2017-11-22 / Voice at the Shore

Wildwood’s Beth Judah to be part of photo exhibition of “exceptional synagogues”

Voice shore editor

Photographer Louis Davidson took this photo of Beth Judah’s interior for his photographic collection of synagogues worldwide. “If you just sit in the synagogue, in that space, everything in the world looks better,” said Beth Judah president Karen Burke. Photographer Louis Davidson took this photo of Beth Judah’s interior for his photographic collection of synagogues worldwide. “If you just sit in the synagogue, in that space, everything in the world looks better,” said Beth Judah president Karen Burke. Karen Burke, president of Beth Judah Temple in Wildwood, wasn’t quite sure what to think when she got a call from photographer Louis Davidson, who asked her for permission to photograph the small synagogue for a photographic exhibit of “exceptional synagogues around the world” at the Museum of the Jewish People (Beit Hatfutsot) in Tel Aviv.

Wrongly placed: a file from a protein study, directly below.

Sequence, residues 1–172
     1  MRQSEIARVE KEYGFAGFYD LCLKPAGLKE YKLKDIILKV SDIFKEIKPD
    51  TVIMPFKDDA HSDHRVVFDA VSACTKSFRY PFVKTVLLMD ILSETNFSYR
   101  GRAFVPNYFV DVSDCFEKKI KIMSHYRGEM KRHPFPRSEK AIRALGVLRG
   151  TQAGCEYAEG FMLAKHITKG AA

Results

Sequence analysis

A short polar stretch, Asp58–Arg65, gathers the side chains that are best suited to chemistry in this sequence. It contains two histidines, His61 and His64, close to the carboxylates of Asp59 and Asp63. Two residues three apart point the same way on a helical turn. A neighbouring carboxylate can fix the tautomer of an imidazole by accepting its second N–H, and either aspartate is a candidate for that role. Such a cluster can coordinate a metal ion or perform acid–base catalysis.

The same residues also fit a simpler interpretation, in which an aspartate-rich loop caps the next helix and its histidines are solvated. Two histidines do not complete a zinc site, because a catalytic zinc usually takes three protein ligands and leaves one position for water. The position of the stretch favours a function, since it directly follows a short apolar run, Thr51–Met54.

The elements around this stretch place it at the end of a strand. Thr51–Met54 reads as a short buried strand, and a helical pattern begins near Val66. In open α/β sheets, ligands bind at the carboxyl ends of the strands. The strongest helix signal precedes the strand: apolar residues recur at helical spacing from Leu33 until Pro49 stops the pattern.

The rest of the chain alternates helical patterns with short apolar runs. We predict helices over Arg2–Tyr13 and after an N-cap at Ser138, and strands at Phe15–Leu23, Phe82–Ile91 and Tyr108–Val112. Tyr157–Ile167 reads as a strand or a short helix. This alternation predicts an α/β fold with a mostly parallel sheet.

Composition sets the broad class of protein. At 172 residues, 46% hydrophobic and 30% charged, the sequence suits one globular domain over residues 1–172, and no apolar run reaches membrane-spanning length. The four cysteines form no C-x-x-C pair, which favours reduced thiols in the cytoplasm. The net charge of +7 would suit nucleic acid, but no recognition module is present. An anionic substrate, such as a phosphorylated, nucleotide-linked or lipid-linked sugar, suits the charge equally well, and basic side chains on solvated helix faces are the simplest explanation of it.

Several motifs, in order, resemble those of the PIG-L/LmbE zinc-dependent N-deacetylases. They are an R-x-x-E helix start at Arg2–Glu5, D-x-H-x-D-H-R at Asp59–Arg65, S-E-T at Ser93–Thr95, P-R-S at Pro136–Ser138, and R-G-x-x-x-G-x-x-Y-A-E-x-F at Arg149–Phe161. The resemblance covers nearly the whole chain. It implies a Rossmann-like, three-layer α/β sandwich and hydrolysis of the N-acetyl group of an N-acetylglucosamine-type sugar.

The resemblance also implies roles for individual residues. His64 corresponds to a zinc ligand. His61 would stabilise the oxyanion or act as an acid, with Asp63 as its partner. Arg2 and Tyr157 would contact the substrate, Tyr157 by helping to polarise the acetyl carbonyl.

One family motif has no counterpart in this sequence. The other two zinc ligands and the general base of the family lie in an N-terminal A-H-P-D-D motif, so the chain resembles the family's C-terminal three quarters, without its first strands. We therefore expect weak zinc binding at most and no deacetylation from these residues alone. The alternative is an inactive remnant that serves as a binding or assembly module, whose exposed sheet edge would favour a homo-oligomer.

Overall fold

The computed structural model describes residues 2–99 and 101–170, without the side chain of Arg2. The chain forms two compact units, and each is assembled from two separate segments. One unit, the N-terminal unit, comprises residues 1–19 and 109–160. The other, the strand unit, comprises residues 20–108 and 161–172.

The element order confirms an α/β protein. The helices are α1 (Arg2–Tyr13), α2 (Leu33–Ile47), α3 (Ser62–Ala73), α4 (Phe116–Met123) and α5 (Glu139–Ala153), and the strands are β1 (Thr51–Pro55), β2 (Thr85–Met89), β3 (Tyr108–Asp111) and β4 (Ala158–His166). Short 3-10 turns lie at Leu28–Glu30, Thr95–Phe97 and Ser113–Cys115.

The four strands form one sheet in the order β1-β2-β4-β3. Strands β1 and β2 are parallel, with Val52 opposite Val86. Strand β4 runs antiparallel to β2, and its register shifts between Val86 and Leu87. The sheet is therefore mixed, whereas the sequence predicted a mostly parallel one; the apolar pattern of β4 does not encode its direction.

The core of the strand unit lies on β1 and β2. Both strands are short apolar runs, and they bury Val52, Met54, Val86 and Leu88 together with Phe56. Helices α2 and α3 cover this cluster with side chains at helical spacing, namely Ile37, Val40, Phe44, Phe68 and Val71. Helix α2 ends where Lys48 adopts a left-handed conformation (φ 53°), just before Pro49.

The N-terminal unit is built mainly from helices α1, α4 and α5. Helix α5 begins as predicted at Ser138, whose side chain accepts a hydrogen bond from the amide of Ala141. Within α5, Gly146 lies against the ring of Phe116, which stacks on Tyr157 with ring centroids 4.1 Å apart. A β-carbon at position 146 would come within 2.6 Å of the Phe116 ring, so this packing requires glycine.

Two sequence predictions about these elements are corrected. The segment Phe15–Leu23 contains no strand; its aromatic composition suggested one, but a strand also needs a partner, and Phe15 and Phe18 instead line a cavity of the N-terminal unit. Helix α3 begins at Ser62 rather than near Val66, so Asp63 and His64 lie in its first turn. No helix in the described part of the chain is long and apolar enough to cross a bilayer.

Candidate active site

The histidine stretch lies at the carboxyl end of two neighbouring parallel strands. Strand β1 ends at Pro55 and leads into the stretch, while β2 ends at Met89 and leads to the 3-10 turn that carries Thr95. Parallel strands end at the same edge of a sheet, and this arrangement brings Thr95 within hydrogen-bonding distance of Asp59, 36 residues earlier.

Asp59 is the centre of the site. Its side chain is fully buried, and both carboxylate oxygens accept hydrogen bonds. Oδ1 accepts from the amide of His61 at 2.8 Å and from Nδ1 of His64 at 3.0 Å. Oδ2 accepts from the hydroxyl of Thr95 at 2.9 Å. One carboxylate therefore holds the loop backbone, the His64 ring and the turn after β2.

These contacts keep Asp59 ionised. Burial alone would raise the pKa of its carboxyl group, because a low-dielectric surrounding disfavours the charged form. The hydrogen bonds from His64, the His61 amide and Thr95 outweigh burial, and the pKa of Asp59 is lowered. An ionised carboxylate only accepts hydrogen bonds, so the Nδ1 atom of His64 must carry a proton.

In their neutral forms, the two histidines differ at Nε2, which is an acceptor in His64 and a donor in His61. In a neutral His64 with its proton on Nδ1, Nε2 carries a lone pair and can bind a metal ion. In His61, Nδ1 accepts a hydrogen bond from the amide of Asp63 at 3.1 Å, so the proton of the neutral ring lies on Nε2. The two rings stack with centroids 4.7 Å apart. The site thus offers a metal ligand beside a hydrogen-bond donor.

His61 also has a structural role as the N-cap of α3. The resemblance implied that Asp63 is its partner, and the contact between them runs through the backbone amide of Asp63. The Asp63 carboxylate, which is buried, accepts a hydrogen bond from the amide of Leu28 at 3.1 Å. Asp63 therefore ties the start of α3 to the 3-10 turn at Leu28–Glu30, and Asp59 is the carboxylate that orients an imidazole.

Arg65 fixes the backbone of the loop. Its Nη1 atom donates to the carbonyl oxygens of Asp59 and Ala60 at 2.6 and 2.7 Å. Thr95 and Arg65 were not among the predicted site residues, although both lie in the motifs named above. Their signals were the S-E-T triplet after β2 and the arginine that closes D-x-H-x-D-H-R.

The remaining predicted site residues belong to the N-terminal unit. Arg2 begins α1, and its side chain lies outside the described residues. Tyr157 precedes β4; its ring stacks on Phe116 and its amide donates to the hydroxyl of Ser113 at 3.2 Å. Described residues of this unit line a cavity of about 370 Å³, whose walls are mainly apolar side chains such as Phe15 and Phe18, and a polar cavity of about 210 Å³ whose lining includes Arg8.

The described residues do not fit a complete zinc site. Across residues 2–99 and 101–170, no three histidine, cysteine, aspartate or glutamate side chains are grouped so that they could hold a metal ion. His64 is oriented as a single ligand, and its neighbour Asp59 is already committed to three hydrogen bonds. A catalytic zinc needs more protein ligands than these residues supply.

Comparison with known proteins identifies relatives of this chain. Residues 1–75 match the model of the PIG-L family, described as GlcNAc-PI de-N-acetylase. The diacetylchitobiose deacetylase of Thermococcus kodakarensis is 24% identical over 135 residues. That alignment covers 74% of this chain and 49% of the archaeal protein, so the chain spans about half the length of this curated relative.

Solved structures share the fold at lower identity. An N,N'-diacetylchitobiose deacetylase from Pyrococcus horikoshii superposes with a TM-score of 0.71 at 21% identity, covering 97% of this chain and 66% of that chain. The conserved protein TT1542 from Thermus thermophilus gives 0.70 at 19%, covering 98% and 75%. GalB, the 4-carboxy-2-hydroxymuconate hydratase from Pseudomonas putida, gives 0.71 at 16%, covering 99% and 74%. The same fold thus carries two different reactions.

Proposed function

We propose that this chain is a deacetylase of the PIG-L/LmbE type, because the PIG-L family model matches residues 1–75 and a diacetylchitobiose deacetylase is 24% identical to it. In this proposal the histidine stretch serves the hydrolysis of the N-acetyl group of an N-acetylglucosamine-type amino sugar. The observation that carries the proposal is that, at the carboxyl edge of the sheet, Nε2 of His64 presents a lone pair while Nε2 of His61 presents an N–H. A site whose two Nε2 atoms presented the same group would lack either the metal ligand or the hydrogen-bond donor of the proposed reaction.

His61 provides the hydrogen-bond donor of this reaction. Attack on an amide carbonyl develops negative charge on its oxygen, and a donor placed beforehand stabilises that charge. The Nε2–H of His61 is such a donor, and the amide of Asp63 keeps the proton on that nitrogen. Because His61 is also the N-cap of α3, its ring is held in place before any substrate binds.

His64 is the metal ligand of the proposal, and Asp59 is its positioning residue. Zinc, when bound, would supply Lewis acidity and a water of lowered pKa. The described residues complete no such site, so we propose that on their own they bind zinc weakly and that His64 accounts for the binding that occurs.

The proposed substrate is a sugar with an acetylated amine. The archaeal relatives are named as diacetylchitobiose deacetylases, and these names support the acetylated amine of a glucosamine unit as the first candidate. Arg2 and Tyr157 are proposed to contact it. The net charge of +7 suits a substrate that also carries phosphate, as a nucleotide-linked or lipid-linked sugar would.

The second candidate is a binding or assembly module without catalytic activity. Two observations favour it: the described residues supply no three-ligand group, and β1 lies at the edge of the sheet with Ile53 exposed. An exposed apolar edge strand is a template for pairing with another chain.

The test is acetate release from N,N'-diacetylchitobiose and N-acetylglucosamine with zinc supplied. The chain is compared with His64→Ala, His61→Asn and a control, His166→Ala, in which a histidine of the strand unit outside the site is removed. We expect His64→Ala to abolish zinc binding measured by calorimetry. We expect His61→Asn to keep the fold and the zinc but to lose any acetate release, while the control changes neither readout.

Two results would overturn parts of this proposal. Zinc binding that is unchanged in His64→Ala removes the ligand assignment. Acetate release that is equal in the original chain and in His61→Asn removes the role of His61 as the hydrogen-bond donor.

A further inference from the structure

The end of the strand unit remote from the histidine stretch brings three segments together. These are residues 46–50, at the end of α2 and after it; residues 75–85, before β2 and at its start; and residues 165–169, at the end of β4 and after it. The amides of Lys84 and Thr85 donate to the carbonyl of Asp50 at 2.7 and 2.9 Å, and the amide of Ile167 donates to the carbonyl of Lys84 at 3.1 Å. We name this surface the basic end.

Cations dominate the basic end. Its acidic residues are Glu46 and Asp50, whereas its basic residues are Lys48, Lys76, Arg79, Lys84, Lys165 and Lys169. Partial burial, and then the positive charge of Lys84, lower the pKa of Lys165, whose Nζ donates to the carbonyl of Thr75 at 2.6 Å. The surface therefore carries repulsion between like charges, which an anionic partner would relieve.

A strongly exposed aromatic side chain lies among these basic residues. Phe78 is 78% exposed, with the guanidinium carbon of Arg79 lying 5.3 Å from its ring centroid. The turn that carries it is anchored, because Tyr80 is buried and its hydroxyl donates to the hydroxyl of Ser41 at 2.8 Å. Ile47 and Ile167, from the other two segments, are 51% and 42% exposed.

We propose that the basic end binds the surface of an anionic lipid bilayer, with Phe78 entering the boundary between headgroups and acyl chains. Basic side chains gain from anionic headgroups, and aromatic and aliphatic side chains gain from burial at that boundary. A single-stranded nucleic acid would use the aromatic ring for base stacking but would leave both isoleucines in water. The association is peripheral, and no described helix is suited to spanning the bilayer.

“I thought I was being played!” said Burke, who wasn’t sure why her synagogue had been chosen to be part of Synagogues 360, a photographic collection of synagogues from all over the world. “I still can’t figure out how they found out about us!”

After researching Synagogues 360, seeing Davidson was legit, and that Beth Judah would not have to pay to be part of the museum collection, Burke gave the OK. “I told him we could use the PR!” she laughed.

Built in the early 1900s, when Jewish life thrived in Wildwood, Beth Judah Temple has struggled to boost its membership in recent years. With few Jews now living in Wildwood and the surrounding towns, the 100-year-old synagogue hangs on as the only active synagogue remaining in Cape May County, and has expanded its role to serve as a center for Jewish learning and culture for all area residents.

This profile is in line with many of the other 600 synagogues worldwide that are part of Synagogue 360 so far, said Davidson.

“We’re doing this for posterity,” said Davidson, an architect from Tulsa, OK, who now travels around the world with his wife photographing synagogues. The couple actively seeks out synagogues old and new, with vibrant or unusual stories, with the goal of preserving the synagogue before it one day disappears. “We think one day these photographs will be very important,” he noted.